Itís time to come out of the closet.

Iím voting socialist and I have been for 40 years.

And if you are voting today, so are you. Perhaps you havenít thought of it quite that way but thatís the way it is, and it took Joe the Plumber to drive it home. When government gets as big and as intrusive as ours is, all the lines have been blurred beyond recognition. But redistribution of wealth on the level we redistribute it is, if not classical socialism, certainly socialist.

Though I concede that I am voting socialist, I havenít decided yet if Iím voting Democratic Socialist or Republican Socialist. Iím leaning to Democratic Socialist for a couple of reasons.

First, the Democratic Socialist candidates acknowledge that it is a patriotic duty to pay taxes, that taxation in and of itself is a form of wealth redistribution and that it will be necessary to raise taxes to pay for the things that we expect government to provide. They just seem more upfront about calling taxes what they are, which is redistribution of wealth. The Republican Socialists, on the other hand, choose to call taxation something else. They havenít decided what to call it, but itís not patriotism and it certainly wonít be called socialism. ďPie in the skyĒ or perhaps ďevilĒ comes immediately to mind, but Limbaugh, Hannity and Company will concoct some sort of cinnamon-covered poisoned apple terminology that makes it sound like something other than what it really isÖ redistribution of wealth.

Secondly, Democratic Socialism at least implies that the redistribution will be from the top down. Republican Socialism redistributes from the bottom up. Hence, since I donít own a very, very large bank; a very, very large insurance company; a very very, large brokerage house; or a very, very large weapons company, itís less likely that any Republican Socialist programs would have me in mind. And once all those entities have been trickled up to, Iím afraid there wonít be much left to trickle down to the other 95 percent of us, which is where Iím at. I think there is at least a modest chance that Democratic Socialists will try to provide health care for those who donít have it, make more money available for student loans and have a more concrete definition of weapons of mass destruction than Republican Socialists have. One would hope the definition actually includes weapons.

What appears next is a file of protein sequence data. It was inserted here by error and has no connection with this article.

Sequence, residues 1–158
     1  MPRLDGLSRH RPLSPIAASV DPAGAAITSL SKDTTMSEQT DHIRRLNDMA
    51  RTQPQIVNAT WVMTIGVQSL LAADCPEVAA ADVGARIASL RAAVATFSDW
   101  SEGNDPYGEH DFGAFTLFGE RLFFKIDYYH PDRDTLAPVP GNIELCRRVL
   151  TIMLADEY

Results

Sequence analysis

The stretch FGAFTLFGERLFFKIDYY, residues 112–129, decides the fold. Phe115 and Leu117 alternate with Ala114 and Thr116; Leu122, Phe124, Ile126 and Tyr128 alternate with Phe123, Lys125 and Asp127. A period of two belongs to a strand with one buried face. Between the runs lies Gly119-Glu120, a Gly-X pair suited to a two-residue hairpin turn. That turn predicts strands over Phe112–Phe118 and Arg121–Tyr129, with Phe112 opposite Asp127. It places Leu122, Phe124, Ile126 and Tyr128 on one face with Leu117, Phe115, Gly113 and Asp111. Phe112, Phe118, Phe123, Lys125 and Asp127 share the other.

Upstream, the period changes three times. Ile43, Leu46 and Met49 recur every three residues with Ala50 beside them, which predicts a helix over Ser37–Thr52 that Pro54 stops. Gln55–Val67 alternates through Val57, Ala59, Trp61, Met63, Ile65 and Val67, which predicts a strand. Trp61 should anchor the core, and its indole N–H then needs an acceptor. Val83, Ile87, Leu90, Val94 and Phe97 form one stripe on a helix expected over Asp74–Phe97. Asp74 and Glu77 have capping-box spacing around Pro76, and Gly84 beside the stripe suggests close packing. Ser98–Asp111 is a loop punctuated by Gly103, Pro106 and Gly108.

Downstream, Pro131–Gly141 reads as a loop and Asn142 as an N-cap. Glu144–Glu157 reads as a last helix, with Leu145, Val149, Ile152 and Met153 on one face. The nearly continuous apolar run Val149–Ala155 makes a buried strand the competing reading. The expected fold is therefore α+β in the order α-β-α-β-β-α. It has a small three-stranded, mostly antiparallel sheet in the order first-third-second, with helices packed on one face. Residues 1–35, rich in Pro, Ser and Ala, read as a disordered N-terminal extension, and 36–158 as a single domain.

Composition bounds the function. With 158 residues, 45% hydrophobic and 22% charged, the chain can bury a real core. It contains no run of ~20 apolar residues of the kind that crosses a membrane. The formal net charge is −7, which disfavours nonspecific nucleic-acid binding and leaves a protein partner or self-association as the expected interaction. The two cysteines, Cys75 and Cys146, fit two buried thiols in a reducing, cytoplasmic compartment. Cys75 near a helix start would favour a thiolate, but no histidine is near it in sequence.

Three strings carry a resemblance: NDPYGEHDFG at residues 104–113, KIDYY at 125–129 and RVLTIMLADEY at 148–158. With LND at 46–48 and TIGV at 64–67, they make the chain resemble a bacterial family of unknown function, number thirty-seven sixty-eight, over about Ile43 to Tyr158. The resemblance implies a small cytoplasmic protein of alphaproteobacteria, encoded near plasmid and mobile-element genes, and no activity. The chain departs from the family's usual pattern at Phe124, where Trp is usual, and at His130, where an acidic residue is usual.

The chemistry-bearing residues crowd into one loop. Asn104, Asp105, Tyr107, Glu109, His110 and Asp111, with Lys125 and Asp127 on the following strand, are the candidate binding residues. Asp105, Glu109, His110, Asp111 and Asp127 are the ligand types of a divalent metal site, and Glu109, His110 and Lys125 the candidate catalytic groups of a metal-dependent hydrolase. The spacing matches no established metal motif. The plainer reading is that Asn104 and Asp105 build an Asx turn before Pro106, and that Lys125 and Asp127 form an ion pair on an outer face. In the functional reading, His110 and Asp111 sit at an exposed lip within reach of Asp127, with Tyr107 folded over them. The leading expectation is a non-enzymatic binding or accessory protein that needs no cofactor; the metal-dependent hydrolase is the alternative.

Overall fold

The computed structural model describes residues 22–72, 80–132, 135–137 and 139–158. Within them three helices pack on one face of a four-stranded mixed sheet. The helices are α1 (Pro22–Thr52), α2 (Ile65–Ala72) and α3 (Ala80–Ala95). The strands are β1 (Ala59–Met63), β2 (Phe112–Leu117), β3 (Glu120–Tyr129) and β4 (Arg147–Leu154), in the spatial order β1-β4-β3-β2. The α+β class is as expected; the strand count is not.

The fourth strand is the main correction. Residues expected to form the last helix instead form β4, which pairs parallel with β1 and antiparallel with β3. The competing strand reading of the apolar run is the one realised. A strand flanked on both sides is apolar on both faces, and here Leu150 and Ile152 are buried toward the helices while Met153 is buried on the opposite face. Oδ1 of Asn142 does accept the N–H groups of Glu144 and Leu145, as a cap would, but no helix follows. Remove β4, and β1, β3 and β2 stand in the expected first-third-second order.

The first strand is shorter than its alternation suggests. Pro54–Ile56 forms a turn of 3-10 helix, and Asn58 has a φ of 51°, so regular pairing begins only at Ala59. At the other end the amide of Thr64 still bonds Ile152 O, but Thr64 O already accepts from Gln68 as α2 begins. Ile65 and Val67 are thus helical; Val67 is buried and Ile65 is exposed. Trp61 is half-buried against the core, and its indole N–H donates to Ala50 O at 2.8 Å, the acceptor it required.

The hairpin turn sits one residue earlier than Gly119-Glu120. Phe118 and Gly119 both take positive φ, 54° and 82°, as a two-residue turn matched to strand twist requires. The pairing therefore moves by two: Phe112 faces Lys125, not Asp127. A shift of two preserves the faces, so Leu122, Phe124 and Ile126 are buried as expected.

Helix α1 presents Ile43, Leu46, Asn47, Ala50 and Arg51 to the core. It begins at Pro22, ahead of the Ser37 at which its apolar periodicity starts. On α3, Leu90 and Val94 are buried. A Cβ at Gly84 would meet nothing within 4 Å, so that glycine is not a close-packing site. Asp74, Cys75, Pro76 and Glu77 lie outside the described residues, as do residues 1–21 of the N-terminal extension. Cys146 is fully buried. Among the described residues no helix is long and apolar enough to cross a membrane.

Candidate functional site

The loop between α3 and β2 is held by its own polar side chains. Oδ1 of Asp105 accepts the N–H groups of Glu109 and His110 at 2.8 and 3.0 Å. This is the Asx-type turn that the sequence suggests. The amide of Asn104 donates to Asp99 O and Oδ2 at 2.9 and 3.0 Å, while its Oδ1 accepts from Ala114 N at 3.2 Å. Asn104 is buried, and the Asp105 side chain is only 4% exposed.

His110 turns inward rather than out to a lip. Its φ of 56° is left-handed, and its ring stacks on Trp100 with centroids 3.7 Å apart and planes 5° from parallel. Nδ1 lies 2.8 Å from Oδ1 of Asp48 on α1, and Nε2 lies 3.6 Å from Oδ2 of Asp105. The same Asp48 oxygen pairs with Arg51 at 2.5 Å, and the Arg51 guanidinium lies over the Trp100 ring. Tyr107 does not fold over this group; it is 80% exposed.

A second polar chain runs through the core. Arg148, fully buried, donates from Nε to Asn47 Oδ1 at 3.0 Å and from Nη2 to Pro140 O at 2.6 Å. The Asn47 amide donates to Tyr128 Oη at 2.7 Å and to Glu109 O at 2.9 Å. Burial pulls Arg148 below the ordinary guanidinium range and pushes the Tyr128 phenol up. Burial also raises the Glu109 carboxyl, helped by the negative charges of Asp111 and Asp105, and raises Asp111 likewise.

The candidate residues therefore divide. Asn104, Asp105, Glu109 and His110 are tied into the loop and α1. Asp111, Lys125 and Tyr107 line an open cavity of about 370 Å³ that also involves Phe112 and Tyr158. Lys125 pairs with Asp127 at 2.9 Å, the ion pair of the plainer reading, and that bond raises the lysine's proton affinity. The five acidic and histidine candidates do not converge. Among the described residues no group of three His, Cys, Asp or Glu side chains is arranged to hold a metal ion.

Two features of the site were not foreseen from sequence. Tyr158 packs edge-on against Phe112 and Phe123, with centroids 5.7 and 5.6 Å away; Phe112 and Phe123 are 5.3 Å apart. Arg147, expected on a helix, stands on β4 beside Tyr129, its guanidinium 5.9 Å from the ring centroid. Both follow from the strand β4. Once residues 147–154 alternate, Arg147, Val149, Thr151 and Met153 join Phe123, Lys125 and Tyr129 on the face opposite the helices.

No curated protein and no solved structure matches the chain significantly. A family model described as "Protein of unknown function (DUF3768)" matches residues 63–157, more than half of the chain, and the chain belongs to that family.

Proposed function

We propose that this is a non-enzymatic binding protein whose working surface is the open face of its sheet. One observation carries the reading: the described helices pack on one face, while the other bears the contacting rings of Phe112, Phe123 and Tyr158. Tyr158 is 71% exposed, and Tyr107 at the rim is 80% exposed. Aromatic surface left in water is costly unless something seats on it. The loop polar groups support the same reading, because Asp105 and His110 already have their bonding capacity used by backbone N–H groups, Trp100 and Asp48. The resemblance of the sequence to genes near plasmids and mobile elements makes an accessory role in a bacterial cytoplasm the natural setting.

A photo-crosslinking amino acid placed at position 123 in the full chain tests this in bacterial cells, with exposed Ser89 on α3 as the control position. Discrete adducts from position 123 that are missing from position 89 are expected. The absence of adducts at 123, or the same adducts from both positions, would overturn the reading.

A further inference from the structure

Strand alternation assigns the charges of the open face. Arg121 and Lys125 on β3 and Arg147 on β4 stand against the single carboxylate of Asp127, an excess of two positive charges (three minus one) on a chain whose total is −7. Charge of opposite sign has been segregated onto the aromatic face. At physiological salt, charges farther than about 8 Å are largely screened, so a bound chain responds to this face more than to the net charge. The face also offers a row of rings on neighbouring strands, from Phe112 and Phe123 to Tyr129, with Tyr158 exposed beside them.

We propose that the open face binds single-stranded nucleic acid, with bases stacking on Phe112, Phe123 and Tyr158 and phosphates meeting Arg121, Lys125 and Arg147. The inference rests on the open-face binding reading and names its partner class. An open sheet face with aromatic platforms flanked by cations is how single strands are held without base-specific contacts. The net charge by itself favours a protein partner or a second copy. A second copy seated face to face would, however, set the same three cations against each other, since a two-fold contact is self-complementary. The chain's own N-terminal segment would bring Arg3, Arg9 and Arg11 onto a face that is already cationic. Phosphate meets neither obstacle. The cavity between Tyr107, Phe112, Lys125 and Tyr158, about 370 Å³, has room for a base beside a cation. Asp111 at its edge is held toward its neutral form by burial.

Third, the very fact that the Republican Socialists have chosen to unveil the vitriolic ďSĒ word in the context they have is disgusting. Actually they let Joe the Plumber do it for them and then they jumped on the bandwagon forgetting itís best for ďthe pot not to call the kettle black.Ē Really, thereís hardly a nickelís worth of difference between Republican Socialism and Democratic Socialism because the need for cash to run excessively lengthy political campaigns overcomes any adherence to principal or ethical standards and the real money in that context can come from only those who have itÖ the 5 percent. One must concede however, that the apparent thirst for change, any kind of change, has prompted many to contribute to the Democratic Socialist cause in hopes that some kind of change will be an improvement on the eight years of Republican Socialism we have been enduring.

In summary, itís taken a while for the truth to see the light of day, but socialism is the grease that makes American capitalism work at least some of the time. Democratic Socialism just tends to throw an occasional bone to the 95 percent while Republican Socialism seeks to keep the bone in the upper 5 percent.

So whether you lean to Republican Socialism or Democratic Socialism, please do vote. It licenses you to voice your opinion for the next four years.

John Kliebenstein is circulation and operations manager of the Brownwood Bulletin. His column appears on Tuesdays. E-mail him at